From Idyllwild we headed toward Sequioa National Park to see big trees. [ John here: Despite what Heidi says…. We *actually* went there here to HUG big trees, seeing them was a side-effect. ] I still needed to re-print one more tax form at the library, which didn’t open until noon, so we left Idyllwild pretty late. Also we needed to resupply, so we stayed overnight in Bakersfield.
It is widely known that most Walmart stores welcome RVs to stay overnight in their parking lots. We take advantage of this when we are on the move. We always find 24-hour stores so there are other cars in the lot throughout the night and have never had any problem, until we got to Bakersfield. A security guard was on patrol in the parking lot, driving up and down every aisle over and over again. John approached him and asked about staying in the parking lot, and the guard explained that Walmart leases the store and the property owner prohibits overnight parking. John asked inside and the customer service employee recommended Sam’s Club, next door. John has an app to locate camping and overnight parking spots, including a Walmart/Sam’s Club filter, which confirmed that other RVers have stayed in the Sam’s Club lot. So we drove to the next parking lot over, where the guard was not on patrol. We could still see him, but he he turned back at the divider between the two lots, and we parked there overnight with no problem.
I thought those of you interested in our van-dwelling life would like that story, but what I really want to talk about is an awesome farm stand. The following morning was Saturday, and Saturday is the most popular day for farmers’ markets. I used the power of Google to locate fresh, local vegetables. We found a fairly large farmers’ market in the parking lot of a shopping center. We scoped it out, then bought a couple bags of veggies at one stand before moving to the other large veggie stand, because I like to spread the love and purchase from several venders. This turned out to be a mistake, and I should have gone straight to the second vendor.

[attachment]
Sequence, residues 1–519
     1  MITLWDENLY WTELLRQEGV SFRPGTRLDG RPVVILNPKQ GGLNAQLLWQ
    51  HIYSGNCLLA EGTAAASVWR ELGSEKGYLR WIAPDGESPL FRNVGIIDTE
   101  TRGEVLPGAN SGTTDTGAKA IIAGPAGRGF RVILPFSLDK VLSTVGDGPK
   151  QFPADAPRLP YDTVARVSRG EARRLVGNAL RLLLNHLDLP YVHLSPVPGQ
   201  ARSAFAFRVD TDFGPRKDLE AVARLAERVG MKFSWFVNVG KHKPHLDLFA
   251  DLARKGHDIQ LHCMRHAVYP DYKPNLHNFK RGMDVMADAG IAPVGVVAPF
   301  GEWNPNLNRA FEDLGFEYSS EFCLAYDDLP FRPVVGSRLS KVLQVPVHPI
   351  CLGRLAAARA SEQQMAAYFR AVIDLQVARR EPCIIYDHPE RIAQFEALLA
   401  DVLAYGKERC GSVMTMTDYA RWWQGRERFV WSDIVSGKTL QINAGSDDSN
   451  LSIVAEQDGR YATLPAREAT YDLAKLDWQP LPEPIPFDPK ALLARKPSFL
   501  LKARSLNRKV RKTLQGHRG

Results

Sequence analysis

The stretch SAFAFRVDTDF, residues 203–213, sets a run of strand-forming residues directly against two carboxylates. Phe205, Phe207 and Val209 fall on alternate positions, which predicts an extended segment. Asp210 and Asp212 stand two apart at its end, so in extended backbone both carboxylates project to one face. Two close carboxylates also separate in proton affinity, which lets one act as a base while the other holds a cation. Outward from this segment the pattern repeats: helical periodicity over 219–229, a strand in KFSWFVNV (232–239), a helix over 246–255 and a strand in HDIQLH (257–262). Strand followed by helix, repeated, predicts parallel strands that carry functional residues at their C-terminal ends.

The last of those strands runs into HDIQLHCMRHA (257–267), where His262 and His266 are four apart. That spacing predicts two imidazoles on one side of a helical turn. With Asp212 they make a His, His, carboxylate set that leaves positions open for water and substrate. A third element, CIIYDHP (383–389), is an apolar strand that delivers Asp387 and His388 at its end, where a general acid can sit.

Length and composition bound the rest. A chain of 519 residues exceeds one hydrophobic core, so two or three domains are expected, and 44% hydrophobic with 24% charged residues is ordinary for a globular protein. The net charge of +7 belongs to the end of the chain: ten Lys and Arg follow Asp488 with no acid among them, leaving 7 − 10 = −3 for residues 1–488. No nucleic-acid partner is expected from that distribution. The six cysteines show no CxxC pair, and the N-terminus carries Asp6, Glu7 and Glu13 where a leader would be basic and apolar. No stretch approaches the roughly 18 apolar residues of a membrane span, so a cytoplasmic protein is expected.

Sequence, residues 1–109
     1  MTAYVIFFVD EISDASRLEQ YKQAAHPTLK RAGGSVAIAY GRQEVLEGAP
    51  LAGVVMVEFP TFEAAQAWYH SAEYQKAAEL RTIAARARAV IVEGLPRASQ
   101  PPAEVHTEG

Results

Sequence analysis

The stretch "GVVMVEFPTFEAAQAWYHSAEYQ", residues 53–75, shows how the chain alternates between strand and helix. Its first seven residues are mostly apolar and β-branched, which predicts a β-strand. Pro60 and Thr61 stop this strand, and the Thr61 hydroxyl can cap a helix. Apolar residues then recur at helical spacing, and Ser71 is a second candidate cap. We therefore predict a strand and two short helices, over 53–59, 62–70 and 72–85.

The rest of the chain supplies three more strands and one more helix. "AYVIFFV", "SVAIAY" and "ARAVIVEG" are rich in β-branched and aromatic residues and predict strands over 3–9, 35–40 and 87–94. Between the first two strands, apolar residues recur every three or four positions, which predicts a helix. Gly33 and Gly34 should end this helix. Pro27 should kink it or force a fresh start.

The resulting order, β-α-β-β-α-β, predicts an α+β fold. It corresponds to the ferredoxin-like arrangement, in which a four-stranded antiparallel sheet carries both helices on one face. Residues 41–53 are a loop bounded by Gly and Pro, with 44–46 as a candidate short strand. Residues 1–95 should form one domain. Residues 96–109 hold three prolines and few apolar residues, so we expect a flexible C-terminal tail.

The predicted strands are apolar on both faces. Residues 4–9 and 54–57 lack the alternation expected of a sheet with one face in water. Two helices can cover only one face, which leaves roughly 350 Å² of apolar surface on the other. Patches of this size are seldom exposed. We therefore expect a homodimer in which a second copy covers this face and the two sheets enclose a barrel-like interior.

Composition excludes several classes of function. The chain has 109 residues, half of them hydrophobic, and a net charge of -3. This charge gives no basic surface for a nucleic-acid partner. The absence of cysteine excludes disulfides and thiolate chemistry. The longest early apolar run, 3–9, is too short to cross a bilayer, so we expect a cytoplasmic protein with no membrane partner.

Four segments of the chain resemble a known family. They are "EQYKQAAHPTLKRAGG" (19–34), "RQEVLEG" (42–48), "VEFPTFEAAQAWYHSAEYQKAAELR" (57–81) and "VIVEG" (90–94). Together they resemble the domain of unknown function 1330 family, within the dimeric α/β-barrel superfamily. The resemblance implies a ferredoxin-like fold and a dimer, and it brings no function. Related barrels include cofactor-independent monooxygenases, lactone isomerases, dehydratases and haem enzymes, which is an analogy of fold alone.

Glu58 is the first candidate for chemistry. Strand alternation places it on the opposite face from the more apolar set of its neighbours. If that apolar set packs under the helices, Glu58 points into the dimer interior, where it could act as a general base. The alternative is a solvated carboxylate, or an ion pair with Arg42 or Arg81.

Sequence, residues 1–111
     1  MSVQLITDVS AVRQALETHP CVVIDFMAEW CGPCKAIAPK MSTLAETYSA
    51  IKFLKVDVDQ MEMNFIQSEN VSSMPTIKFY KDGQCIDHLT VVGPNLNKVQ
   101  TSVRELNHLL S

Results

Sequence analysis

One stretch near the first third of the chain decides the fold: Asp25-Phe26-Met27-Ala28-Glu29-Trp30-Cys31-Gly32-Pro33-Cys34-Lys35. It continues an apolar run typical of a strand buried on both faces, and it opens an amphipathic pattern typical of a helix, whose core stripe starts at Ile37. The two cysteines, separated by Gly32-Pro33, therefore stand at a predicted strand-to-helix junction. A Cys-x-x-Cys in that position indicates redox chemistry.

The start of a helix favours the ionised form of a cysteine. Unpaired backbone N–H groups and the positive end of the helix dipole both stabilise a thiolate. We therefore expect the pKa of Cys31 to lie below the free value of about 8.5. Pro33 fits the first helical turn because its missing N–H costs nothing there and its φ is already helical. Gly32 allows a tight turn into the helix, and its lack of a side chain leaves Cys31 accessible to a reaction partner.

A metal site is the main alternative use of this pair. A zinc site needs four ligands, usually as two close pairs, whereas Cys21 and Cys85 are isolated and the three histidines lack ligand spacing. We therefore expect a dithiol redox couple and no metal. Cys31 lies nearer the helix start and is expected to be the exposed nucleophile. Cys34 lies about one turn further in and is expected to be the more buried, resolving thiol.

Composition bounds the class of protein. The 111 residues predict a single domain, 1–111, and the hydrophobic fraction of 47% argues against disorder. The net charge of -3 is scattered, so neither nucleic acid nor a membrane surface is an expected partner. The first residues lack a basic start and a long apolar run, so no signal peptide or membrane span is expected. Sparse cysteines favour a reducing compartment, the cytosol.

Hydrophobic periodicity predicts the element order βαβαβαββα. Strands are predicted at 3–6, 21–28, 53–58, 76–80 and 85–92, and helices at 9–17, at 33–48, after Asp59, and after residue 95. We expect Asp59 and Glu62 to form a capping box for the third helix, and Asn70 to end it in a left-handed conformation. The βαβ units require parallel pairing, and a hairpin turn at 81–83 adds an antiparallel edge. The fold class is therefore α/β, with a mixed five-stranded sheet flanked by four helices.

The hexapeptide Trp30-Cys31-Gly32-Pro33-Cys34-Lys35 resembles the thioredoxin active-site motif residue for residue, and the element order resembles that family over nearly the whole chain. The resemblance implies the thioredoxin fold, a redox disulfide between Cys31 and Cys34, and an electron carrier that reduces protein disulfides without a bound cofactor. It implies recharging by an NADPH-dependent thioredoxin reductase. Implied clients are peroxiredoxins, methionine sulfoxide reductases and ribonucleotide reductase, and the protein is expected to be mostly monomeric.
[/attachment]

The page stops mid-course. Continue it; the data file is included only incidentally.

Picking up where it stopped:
All the shoppers at the Gold Coin Farm stand were using large crates provided by the farmer to put their veggies in. We learned from the farmer while checking out that these are “Cream of the Crop” boxes, and there is a flat rate of $60 for as much as you can fit in the huge box. For perspective on how large this crate is, shopping separately we spent $90 for what we could have put in that box if we had learned of the deal before shopping at the other stand. Our purchase included a fair amount of heirloom tomatoes that were not excluded from this deal, though they are self-limiting as you don’t want to smash them. The farmer explained that potential customers complained to him that they couldn’t purchase his produce because it was too expensive, and asked if he could do an “abundant harvest”. I think this is a reference to the Community Supported Agriculture (CSA) model where you pay upfront for a season and receive produce weekly from the farm. At first the farmer was hesitant, but he realized that it was his business, he could do whatever he wanted, and he wants to encourage healthy eating. So he implemented this “cream of the crop” offer, which moves product at a high volume and saves time at market because he is not weighing individual vegetables and adding up the final price. I was really impressed by his attitude, and the deal he offers to his loyal customers.
I am happy to be once again in a land of abundant farmers’ markets, to have access to high-quality fresh produce. It was heartening to speak with this farmer who is working to provide fresh produce to his community and the make it accessible.
April 4-5, 2014